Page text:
I’ve been listening to M. Lockwood Porter‘s bands since 2005. In that time, he’s been in an early 2000s emo band, an energetic post-rock band that held my personal “favorite band ever” title for a good five years, and a San Fran indie-pop band. Now he’s stepping out on his own with a solo record called Judah’s Gone. And although it’s been almost a decade since he’s lived in Oklahoma, the record is largely about that place which Lockwood and I share as a home state.
Neither of us live there anymore, but apparently an Oklahoma flag hangs in the background of both our minds. The three highlight tracks from the record (“Judah’s Gone,” “Now My Time Has Come,” and “Osage County”) all reference the state specifically and neatly lay out the narrative of the album. Opener “Judah’s Gone” tells the story of Lockwood’s childhood and parentage in the state (spoiler: it doesn’t go so well), which leads to him fleeing the state as soon as he graduated high school (“Now My Time Has Come”). A bunch of relationships and regrets occur in his forays on both coasts (all the other songs on the record), before he looks back longingly at Oklahoma in a complicated, attached sort of way (“Osage County”). It’s the story of many, many Oklahomans, this one included. If there’s an ex-pat Oklahoman Facebook group somewhere, Lockwood should be promoting this there. It would sell like dry-rub chicken barbecue.
The fact that Judah’s Gone sounds largely like a lost Neil Young record would help the sales pitch as well. The arrangements are twangy, but in that laid-back, Southern sort of way that Neil Young virtually patented. Lockwood’s voice breaks and bends over notes (a la Neil), but largely stays in a recognizably “correct” range. Porter is a lot less nasally than Young, which is also great. The album only has one rockish tune: the fast-paced “Tonight,” which barely gets over 2:00. Porter puts some distortion on his voice for the tune, and it fits nicely. It’s nowhere near an art-rock tune from his previous ventures, but you can tell that Porter has a rock background. Otherwise, this is a folky alt-country record the whole way.
The few quibbles that could be lobbed at the record have to do with this being his debut in the genre: tunes like “Darkside” and “Higher Home” fit perfectly into the proscribed narratives of what folky alt-country should sound like, both in sound and word. The tunes sound fine, but they don’t show off Porter’s skills as a storyteller or melodist very well because of their adherence to tried-and-true formulas. Porter shows on tracks like “Stephen” (not about me) that he can bend the formulas to his skill set: the track is a mid-tempo song about the guy with vast promise who never left home. The tune is memorable because of the melodic chorus and the detailed care with which the lyrics are composed. So even if some tracks are a bit less shiny than the rest, it’s not something that a few more albums of songwriting can’t polish up.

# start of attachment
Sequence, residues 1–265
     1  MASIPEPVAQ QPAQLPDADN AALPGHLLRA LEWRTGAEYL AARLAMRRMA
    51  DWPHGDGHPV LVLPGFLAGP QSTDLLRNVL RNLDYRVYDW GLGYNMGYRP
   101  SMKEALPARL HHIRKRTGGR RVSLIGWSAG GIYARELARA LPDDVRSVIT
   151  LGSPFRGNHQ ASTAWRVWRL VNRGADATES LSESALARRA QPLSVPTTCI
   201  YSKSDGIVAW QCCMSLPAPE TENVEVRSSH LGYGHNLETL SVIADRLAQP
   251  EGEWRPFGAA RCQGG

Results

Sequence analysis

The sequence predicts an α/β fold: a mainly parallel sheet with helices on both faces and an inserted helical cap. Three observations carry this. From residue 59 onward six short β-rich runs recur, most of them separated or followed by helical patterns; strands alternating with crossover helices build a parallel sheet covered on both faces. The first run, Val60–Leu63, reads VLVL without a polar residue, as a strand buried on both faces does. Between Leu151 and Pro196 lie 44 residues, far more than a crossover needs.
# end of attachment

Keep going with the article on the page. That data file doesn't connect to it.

M. Lockwood Porter has established himself as a talent to watch on Judah’s Gone. Tracks like the title track and “Osage County” show a melodic and lyrical talent with range and depth. It will be interesting to see where Porter goes from here as he gets familiar with the genre. I’ll be listening attentively to whatever it is. (Especially if there’s more Oklahoma angst.)
In late 2004/early 2005, I bought a copy of Scales of Motion‘s self-titled EP. I admired them as elder statesmen in the Tulsa scene; as a high-school kid in my first band, I was awestruck that high-quality indie-rock existed in my hometown.
Jump forward to mid-2011, and Scales of Motion is still at it. If they members were elder statesmen then, they’re Methuselahs now. Yet, not much has changed: 2004’s Scales of Motion and 2011’s Nocturnes feature the same three guys: Chris Skillern (bass/vocals), Kevin Skillern (Guitar/bgvs) and Craig Maricle (drums). The band used the same studio for both sessions (Valcour Sound, in which I have recorded twice). Their 2011 wiry, post-punk-influenced indie-rock songs are not drastically different than their 2004 tunes.
But there is some variation. Nocturnes shows the band leaning toward the more pop-oriented side of its sound: slow-paced opener “Darkness” hangs on the vocal performance instead of the instrumentals. The band is content to set a mood than pummel the listener with riffs, as there are less breakdowns and gritty guitar sections than I expected to hear on Nocturnes.
Chris Skillern has always propelled the sound with his bass work; his angular, forceful riffs play the role of bass and rhythm guitar. Kevin Skillern contributes melodic, single-note runs and riffs over that work. That’s still the case for the majority of the album, but “Darkness” shows that they’ve grown in their confidence enough to not rely entirely on their tried-and-true formula. And while following track “Still We Sing” definitely is a classic Chris Skillern bass riff, the vocal melodies are just as important to the mood.
I noted in my quick overview that their post-punk influences add some edges to their pop songs, and their pop side knocks some of the edges off their post-punk work . “Still We Sing” is the former, but third track “Winter Heart” is very clearly the latter.
For my money, I enjoy the “Winter Heart” style most. Skillern’s high voice sounds best when it’s matched with some tough indie-rock to ground it — without a tether, Scales starts to sound like just another indie-pop band, and that’s not what they are at all. Chris Skillern even drops in a MeWithoutYou-esque spoken-word section, which just amps up the intensity even more. It’s a highlight of the album, and an example of what makes them special.